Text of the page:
studied at the HFF Film School of Munich before acquiring experience in advertising. Her first feature, Hotel Very Welcome
won the “Dialogue en perspective” prize at the Berlinale. (Cineuropa.org
Hedi Schneider Is Stuck will be playing at the Berlin 2015 Film Festival.
W&H: Please give us your description of the film playing.
SH: A loving and happy couple faces the psychological breakdown of the (until now) funny, extroverted, and courageous wife Hedi. They try to save their love, but it gets damaged more and more, day by day as Hedi is totally “stuck” in her wrong-working head. Their love seems to break into pieces, even after Hedi feels better, until they decide to go with their son on a trip to Norway and agree to be happy together again for just one day.
W&H: What drew you to this story?
SH: I thought about relationships and love and how much a love can survive. I asked myself, If you love a person, what happens if your partner suddenly becomes someone else and everything he does is wrong, if he loses all his positive attributes? What if something happens out of the blue which destroys the balance of the relationship? These thoughts led me to the idea that the wife, Hedi, suffers a psychological crisis that knocks her out totally. It kicks her out of life and with her, her whole family.
W&H: What was the biggest challenge in making the film?
SH: Writing it. My goal was to make a film about love. And to make a film which doesn’t lose its humor. To combine both of these aspects with the point that Hedi suffers a mental disorder, an anxiety crisis, was extremely difficult. It took a long time until I got there. I even took a break from writing the script in between and wrote my first book.
W&H: What do you want people to think about when they are leaving the theatre?
SH: I want them to reflect about their own life and love. I want them to feel like they had a ride in a modern rollercoaster and feel exhausted. I would like them to feel, not to think too much in the moment they leave the theatre. And actually, I would be happy if some people had to cry.
W&H: What advice do you have for other female directors?
SH: Not to think too much about the fact that they are women in a male-dominated business. Not to become masculine, only because one could think that it makes it easier. There’s no problem shooting a movie in a skirt. To be authentic and not to stop doing this exhausting job when they have a baby. To try to fight the worries and doubts and to be more proud. To risk a lot when they make a film. Not to be always so polite and to ignore the machos or to smile to them. To keep being angry when things go wrong, even if people call you a bitch. If we were men, people would say instead that we know what we want.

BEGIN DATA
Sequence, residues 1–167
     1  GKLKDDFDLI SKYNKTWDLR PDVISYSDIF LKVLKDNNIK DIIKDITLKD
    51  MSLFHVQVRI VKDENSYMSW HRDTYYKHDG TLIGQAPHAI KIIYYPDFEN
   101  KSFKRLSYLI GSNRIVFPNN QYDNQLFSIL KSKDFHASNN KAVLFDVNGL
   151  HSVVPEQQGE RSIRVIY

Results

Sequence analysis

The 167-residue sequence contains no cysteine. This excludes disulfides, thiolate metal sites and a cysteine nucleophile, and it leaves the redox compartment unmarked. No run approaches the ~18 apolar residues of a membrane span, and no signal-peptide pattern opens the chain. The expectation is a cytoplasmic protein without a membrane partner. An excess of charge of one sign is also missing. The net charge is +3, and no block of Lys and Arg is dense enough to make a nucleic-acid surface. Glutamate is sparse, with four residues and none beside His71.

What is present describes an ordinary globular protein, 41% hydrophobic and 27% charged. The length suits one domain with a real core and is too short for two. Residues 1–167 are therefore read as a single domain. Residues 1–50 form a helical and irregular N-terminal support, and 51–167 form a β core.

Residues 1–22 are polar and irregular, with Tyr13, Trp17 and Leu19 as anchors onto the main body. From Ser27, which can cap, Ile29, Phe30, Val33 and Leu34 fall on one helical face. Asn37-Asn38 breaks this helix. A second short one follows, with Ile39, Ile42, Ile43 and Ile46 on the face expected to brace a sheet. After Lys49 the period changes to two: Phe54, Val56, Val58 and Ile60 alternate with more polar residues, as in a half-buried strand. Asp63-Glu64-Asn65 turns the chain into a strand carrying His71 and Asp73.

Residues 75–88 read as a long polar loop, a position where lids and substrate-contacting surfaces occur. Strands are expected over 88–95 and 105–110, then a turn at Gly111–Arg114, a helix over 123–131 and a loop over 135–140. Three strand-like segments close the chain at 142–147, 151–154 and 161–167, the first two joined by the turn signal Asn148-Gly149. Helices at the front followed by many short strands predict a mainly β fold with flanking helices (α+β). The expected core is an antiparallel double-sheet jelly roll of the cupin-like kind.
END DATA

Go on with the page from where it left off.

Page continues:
W&H: What’s the biggest misconception about you and your work?
SH: Maybe in Germany, it would be that a film in which you have to laugh cannot be serious. Or that humor means that you don`t tell a profound story. I think, though, that’s a very German point of view. And, of course, not everybody thinks that way. But a lot of people still make this pretty simpl[istic] distinction: A film is either a comedy or a profound drama, a film is either entertainment or art. I think that’s starting to change, though. At least I hope it is.
W&H: Name your favorite woman-directed film and why.
SH: That’s the hardest question for me now, since most of my favorite films are directed by men. No wonder, though, as most films are directed by men. Most of the money goes into films made by men. There’s such a long history of film made almost solely by men.
But there are great female directors nowadays. I like Sofia Coppola`s films a lot: Virgin Suicides, Lost in Translation, Marie Antoinette, Somewhere. I like Miranda July’s work a lot. I like a lot the work of my colleague and friend Maren Ade. I really liked the film We Need to Talk about Kevin by Lynne Ramsay. And also The Kids are All Right by Lisa Cholodenko was a beautiful film. There’s probably so many more.
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